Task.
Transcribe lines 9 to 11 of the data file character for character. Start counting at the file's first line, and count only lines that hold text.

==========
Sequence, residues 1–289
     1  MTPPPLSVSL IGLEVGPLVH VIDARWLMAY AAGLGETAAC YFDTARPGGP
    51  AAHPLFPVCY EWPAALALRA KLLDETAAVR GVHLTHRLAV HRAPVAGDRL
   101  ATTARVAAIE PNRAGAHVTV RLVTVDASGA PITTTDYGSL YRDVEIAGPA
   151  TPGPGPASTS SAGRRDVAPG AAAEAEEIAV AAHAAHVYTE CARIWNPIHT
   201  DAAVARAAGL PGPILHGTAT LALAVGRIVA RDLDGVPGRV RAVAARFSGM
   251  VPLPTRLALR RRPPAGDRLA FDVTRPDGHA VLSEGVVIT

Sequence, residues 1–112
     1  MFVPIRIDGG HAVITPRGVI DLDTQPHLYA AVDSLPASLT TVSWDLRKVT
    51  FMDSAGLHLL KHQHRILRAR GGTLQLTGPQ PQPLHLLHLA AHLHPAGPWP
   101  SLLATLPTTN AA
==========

     1  MFVPIRIDGG HAVITPRGVI DLDTQPHLYA AVDSLPASLT TVSWDLRKVT
    51  FMDSAGLHLL KHQHRILRAR GGTLQLTGPQ PQPLHLLHLA AHLHPAGPWP
   101  SLLATLPTTN AA